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Looking Up

Minimal light pollution in South Dakota allows stargazers to clearly see the Milky Way among thousands of stars. Photo by Christian Begeman.

 

The night heavens have been a source of mystery and intrigue for millenia. The darkness, and what it contained, puzzled even the most brilliant Greek philosophers. “Astronomy?” uttered Sophocles in about 420 B.C. “Impossible to understand and madness to investigate.” But the last 2,500 years have given us rockets and rovers to explore distant planets, cameras that float to the outer reaches of our solar system and high-powered telescopes that allow us to see the faintest galaxies hundreds of thousands of light years away.

Stars, planets and other celestial bodies have fascinated me since I was 7, when an aunt and uncle gave me an astronomy book and a star wheel that showed various constellations in different seasons. I struggled with a tiny telescope to find the images I saw in the book. But beyond the Big Dipper, Orion the Hunter and other painfully obvious constellations, the results were disappointing.

Until last summer, the closest I had come to real stargazing was when a group of friends and I sat in the middle of a Hamlin County pasture with a case of beer on a cool, late autumn evening. I remember pointing out the Seven Sisters, the only name I knew at the time for the Pleiades, a blurry cluster of stars named for Greek mythological characters. My Coors consuming friends were not impressed.

Perhaps they didn’t realize that we were peering into some of the darkest skies found in North America. In 2001 well-known astronomer John Bortle compiled his Bortle Dark-Sky Scale. Its nine categories measure the level of darkness found in the sky. A color-coded map of the United States begins with black (the darkest skies) and ends with white, which represents inner-city sky. The eastern half of the country looks like a child’s finger painting. Blobs of bright green, yellow, orange, red and white dominate. But a line cuts the country in half, roughly along Interstate 29, where the bright colors abruptly end. Much of South Dakota is plunged into dark blues, purples and an inky dab of black over the Badlands.

On a typical evening, a glowing orange dome created by thousands of artificial lights encases Sioux Falls. But just 30 miles away you can clearly spot the Milky Way. I was amazed at its clarity when I attended the South Dakota Star Party at Hodgson’s Observatory 6 miles southeast of Beresford.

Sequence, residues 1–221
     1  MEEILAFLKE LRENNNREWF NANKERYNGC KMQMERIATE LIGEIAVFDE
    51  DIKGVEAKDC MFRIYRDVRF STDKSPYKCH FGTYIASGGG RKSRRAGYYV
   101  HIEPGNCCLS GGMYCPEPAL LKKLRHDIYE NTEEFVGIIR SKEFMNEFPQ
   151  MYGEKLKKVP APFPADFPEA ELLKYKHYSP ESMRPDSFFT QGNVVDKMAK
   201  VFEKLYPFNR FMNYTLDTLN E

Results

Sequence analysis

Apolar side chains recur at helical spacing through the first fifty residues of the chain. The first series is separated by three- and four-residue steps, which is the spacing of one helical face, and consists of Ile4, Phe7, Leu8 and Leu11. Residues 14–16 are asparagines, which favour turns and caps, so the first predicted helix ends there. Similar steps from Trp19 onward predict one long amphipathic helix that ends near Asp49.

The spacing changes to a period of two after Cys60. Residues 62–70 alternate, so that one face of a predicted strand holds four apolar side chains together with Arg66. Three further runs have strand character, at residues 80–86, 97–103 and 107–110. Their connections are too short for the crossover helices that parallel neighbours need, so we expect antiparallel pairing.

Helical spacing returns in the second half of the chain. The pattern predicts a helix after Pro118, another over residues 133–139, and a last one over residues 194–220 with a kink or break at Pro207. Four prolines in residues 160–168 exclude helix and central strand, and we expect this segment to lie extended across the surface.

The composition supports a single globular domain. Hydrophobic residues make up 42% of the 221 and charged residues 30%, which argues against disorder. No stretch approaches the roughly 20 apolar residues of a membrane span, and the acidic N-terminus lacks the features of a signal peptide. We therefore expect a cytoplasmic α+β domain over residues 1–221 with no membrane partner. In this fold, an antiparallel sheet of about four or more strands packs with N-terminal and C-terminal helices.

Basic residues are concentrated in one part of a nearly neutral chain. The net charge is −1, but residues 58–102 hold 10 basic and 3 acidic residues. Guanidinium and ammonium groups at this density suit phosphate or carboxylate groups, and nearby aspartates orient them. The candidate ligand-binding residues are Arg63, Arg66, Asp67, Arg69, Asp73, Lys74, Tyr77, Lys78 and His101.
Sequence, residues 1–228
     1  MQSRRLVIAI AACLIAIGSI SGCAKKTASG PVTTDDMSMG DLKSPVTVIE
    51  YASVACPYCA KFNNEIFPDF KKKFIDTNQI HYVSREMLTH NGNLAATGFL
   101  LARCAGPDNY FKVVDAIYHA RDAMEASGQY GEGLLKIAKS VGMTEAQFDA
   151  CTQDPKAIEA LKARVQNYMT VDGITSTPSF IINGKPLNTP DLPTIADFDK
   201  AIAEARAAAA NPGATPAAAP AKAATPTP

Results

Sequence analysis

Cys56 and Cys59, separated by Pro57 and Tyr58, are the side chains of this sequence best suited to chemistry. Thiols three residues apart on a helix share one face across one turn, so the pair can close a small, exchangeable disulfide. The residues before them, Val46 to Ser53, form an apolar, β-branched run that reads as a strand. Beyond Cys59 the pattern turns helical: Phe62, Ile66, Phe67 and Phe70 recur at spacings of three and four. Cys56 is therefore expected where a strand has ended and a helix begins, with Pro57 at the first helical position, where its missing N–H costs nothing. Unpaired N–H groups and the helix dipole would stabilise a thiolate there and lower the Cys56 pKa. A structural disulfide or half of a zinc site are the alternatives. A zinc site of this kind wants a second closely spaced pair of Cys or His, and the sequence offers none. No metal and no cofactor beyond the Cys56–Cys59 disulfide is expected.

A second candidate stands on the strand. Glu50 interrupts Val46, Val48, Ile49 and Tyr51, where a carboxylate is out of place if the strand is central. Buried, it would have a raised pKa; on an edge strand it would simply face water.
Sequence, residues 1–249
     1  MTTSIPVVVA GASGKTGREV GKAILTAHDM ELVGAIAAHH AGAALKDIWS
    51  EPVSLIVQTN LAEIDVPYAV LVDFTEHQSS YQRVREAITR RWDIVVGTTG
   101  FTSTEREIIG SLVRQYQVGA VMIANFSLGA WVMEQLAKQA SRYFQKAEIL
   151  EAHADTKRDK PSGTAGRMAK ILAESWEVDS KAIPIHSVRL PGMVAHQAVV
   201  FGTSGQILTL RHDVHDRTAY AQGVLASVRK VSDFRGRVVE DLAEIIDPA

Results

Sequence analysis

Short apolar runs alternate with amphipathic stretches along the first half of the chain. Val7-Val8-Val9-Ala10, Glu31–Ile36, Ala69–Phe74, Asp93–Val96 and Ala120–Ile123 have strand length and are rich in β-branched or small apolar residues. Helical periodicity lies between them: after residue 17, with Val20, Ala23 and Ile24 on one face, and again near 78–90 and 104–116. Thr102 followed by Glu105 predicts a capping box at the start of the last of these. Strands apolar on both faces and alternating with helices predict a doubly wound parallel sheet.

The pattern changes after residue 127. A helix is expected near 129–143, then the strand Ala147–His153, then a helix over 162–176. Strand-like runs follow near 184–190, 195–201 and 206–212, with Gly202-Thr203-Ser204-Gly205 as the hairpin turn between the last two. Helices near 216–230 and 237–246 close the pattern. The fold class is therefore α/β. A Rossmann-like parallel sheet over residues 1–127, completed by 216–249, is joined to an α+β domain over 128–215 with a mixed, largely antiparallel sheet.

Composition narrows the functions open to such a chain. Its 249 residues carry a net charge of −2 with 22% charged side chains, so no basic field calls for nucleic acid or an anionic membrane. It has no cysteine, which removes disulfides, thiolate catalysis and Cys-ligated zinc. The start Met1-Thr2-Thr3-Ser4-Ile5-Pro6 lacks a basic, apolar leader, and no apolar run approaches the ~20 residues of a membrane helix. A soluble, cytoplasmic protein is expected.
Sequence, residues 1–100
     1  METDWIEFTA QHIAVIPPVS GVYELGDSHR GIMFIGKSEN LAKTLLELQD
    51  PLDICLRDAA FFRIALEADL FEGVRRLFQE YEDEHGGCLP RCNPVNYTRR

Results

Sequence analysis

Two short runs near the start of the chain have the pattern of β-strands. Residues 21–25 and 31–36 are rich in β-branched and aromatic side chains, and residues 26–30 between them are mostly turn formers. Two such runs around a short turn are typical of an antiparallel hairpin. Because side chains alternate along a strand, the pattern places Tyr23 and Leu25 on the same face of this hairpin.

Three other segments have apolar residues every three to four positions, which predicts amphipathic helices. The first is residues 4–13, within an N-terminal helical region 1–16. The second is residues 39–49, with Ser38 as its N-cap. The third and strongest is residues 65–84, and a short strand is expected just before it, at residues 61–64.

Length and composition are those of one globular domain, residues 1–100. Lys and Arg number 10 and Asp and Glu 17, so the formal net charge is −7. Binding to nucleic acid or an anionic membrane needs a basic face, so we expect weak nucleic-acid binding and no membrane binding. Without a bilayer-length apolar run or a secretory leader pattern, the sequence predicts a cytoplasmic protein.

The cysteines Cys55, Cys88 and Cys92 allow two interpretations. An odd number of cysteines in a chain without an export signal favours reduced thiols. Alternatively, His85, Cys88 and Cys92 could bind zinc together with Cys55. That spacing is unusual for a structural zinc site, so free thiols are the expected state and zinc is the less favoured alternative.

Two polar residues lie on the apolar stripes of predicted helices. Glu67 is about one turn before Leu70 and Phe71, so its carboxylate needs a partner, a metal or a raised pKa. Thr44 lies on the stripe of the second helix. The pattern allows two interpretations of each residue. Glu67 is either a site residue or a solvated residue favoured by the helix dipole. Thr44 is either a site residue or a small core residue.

Richard Hodgson hosts an annual stargazing party as his farm near Beresford.

Richard Hodgson taught astronomy and planetary science at Dordt College in Sioux Center, Iowa for 30 years before retiring in 2002. He and his wife Nancy, a retired professor of archaeology at the University of South Dakota, bought their Union County farm roughly halfway between their respective schools in 1994 to create an observatory and host public gatherings.

“The Milky Way is just beautiful from this property,” Hodgson says. “It’s surrounded by bottomland which is farmed but not built on for a mile in various directions. It’s kind of like an island in the prairie. For eastern South Dakota it’s one of the better places to be.”

The Hodgsons began construction on the observatory buildings in 2003. The newest addition is the astrolodge, a small white classroom just south of their home where students and visitors first meet when touring the observatory. They get an introduction to the solar system through maps and a scale drawing. Another boxy building just four feet tall with a retractable roof houses a telescope used for solar observation. But the centerpiece is Hodgson’s 25-inch Obsession telescope (25 inches refers to the diameter of the mirror). It’s the second-largest telescope in South Dakota. Only Ron Dyvig’s 26-inch scope at his Badlands Observatory in Quinn, 6 miles east of Wall, is bigger.

Dyvig turned the tiny town’s abandoned hospital into an observatory in 2000. For years he was an avid asteroid hunter, searching outer space for Near Earth Objects on a potential collision course with Earth. During his research, he discovered 25 new asteroids in the main belt between Mars and Jupiter and three binary asteroids with small moons.

Today Dyvig’s telescope can be remotely controlled over the Internet. He’s helped students at the University of North Dakota earn master’s degrees by studying the universe through his scope. He also hopes to work with students at the University of South Dakota, South Dakota State University and the South Dakota School of Mines and Technology on a new research program involving supernovas.

South Dakota's Badlands feature some of the darkest skies in the nation. Photo by Christian Begeman.

Another representation of the solar system at Hodgson’s Observatory follows a fenceline on the southern edge of the property. This scale model is 610 feet long (one of the largest scale representations of the solar system in North America) and includes plaques noting important objects. “We pick out things that are historically important, or unusual, or quite large and command some attention,” Hodgson says. “You can’t include everything in the solar system.”